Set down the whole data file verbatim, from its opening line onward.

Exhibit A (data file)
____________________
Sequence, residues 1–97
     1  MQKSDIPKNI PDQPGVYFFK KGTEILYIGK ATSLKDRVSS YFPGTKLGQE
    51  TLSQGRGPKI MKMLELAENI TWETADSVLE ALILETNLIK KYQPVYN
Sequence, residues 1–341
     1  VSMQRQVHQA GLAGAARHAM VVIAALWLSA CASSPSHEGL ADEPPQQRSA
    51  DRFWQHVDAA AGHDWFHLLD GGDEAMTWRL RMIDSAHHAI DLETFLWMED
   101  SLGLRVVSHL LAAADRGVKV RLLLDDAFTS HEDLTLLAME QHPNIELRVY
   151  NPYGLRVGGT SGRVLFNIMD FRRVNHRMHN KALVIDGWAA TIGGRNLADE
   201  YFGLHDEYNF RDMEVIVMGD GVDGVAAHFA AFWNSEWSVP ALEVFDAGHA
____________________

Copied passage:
Sequence, residues 1–97
     1  MQKSDIPKNI PDQPGVYFFK KGTEILYIGK ATSLKDRVSS YFPGTKLGQE
    51  TLSQGRGPKI MKMLELAENI TWETADSVLE ALILETNLIK KYQPVYN
Sequence, residues 1–341
     1  VSMQRQVHQA GLAGAARHAM VVIAALWLSA CASSPSHEGL ADEPPQQRSA
    51  DRFWQHVDAA AGHDWFHLLD GGDEAMTWRL RMIDSAHHAI DLETFLWMED
   101  SLGLRVVSHL LAAADRGVKV RLLLDDAFTS HEDLTLLAME QHPNIELRVY
   151  NPYGLRVGGT SGRVLFNIMD FRRVNHRMHN KALVIDGWAA TIGGRNLADE
   201  YFGLHDEYNF RDMEVIVMGD GVDGVAAHFA AFWNSEWSVP ALEVFDAGHA